I do wish however, that for the sake of those for whom homeschooling is either not an option or who are just in the beginning stages of considering it, the pros and cons would have been presented. Because the truth is, whether homeschooling, private schooling, or public schooling, there are strengths and weaknesses. I have seen success and failure in each of these camps. But also important to me personally, this post raises several questions.
    You state towards the end that “many Christian parents take the pains to home school until high school, and then right at the moment when their kids are ready to learn how to apply a Christian worldview to all of life, their parents send them to the government school to finish the job.”
    One of my questions is this: How does one learn to apply a Christian worldview to all of life when one encounters so little of that life? The unbelieving world will eventually be a part of anyone’s life on earth and that is where a Christian worldview will be tested to the max. Why are Christians so afraid of the world? Why do we not thoroughly learn what we believe from the Bible and learn to engage the world instead of hide from it? Why can’t that begin when our children are elementary age and encounter elementary issues-like the one my daughter brought home in first grade when she encountered classmates whose parents taught them there is a Santa Claus and she told them their parents were lying. Never did I anticipate that little scenario. So right off the bat, we got to learn how to engage in the world. Being a light in the world, and living in the world, while not of the world, is commanded in the New Testament for believers. Jesus, in John 17, could have taken his disciples out of the evil world but instead encouraged them in the tools He was leaving them to overcome it-simply because God chose man as an instrument to spread the gospel in the world. If I bring my child up with an adversarial view of the world, as so toxic they must grow up protected from it (and mind you, I agree that the world is evil in a myriad of ways and would love to live in a bubble), how will they then leave home and suddenly know how to switch the flip and love and serve that world as a light so as to help them see and acknowledge their need for a Saviour? Is not my goal to raise children who not only know God personally but know Him so well that they have a Godly worldview and therefore a relentless concern for those who do not know him? But concern is useless if there is no encounter. And being comfortable encountering nonbelievers is not natural for most believers. Yet Paul says in I Cor 9:22 that he became all things to all men so as to win some to God. He moved out of his comfort zone most likely. If we spend 18 years raising lambs and then throw them to the wolves without any survival skills, can we really expect them to know what to do?
    I am not an employee in a public school, but my children did go to them. I’m not even a fan of the education they received as a whole. But we believed God sovereignly placed us where we were. We stayed involved, took them out of classes when we did not want them exposed to worldly views we did not think they were ready for i.e. sex ed in middle school and always told them that we wanted them to interact with all kinds of people but would be closely watching to see if they were the influencer or the influencee. They knew that if we sensed they were becoming the influencee that we would step in and something would need to change.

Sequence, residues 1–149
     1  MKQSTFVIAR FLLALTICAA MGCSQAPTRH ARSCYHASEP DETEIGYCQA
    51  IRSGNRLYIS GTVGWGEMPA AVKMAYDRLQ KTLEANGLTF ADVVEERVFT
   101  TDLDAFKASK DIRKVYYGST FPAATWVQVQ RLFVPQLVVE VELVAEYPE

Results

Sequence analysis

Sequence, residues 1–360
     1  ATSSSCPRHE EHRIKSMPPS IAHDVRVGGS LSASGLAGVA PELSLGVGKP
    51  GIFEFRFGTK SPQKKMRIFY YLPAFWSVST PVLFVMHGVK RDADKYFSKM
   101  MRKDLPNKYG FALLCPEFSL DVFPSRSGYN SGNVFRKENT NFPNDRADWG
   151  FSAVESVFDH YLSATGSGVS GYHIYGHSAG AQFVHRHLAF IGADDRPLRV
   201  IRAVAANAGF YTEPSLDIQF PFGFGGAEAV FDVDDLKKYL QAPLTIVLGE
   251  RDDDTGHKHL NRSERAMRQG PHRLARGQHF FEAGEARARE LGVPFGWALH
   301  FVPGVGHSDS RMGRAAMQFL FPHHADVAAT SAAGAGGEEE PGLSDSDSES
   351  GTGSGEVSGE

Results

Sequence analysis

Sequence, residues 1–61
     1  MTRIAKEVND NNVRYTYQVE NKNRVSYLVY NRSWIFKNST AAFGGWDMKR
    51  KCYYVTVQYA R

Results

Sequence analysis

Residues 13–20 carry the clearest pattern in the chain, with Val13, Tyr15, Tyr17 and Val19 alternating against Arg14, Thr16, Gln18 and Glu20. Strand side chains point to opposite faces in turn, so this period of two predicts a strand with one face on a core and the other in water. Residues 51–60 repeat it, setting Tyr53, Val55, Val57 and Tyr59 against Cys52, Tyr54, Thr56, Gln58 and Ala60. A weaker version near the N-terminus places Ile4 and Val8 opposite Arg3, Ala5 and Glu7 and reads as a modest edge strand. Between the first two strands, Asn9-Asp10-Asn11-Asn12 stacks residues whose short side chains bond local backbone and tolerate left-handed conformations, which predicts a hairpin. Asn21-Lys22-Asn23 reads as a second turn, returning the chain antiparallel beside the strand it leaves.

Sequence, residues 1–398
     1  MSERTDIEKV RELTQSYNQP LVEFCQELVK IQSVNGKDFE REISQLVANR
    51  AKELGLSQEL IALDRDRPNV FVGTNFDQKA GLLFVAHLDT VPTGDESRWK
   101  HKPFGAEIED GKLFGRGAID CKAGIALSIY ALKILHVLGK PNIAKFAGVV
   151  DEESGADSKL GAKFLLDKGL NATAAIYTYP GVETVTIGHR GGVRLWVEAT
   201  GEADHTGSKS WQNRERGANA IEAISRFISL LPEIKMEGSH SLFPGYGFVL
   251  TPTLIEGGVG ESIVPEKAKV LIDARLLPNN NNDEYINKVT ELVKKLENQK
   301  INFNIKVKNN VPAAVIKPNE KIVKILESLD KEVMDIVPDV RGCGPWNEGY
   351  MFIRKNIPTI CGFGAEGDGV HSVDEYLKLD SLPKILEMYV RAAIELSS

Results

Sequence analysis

I do agree with Proverbs 4:24 that we need to guard our hearts-at any age-for from it flows the wellspring of life. I don’t need to see and experience every evil out there to relate to people of the world. God has given me enough common sense to figure out where to draw the line. But God has placed me in the world. The evil world. At this time and place. The world that has been evil since that first sin in the garden. For a purpose bigger than protecting myself from it.
    In my opinion every family is so different that there is simply not one schooling answer that fits all. But this article seemed to paint the picture that there is, that it is a no-brainer that the right thing to do is to home-school, and if my child adopts anti-Biblical views and I publicly schooled them, therein lies the blame. My eldest daughter got her undergraduate degree at one of “those liberal Ivy League Universities” and actually immersed more conservative than ever. There she encountered liberals who, as she said, didn’t really know what they believed. They just tolerated everyone’s beliefs (though not really) but frequently were like many Christians-they could not engage in a conversation with someone of opposing spiritual views. I think it helped that my husband especially, had spent her growing up years at home preparing her in her encounters with the world. All along her educational pathway, from the Santa Claus issue through post grad school, we continued dialoguing regularly as a family on all sorts of issues and filtering them through God’s Word. Because it was our habit to so with our girls since they were small, it was the natural thing to do so as they aged, and it continues still with them and their spouses.
    And just for the record, I am not anti-homeschooling. Not at all. Many of my very good friends have or are homeschooling their children. I give them high praise. It is a daunting task but I see the joy in them as they share their experiences, even when they are exhausted. Honestly, if I were to start over with my children, we may very well choose to home school them. Thank you!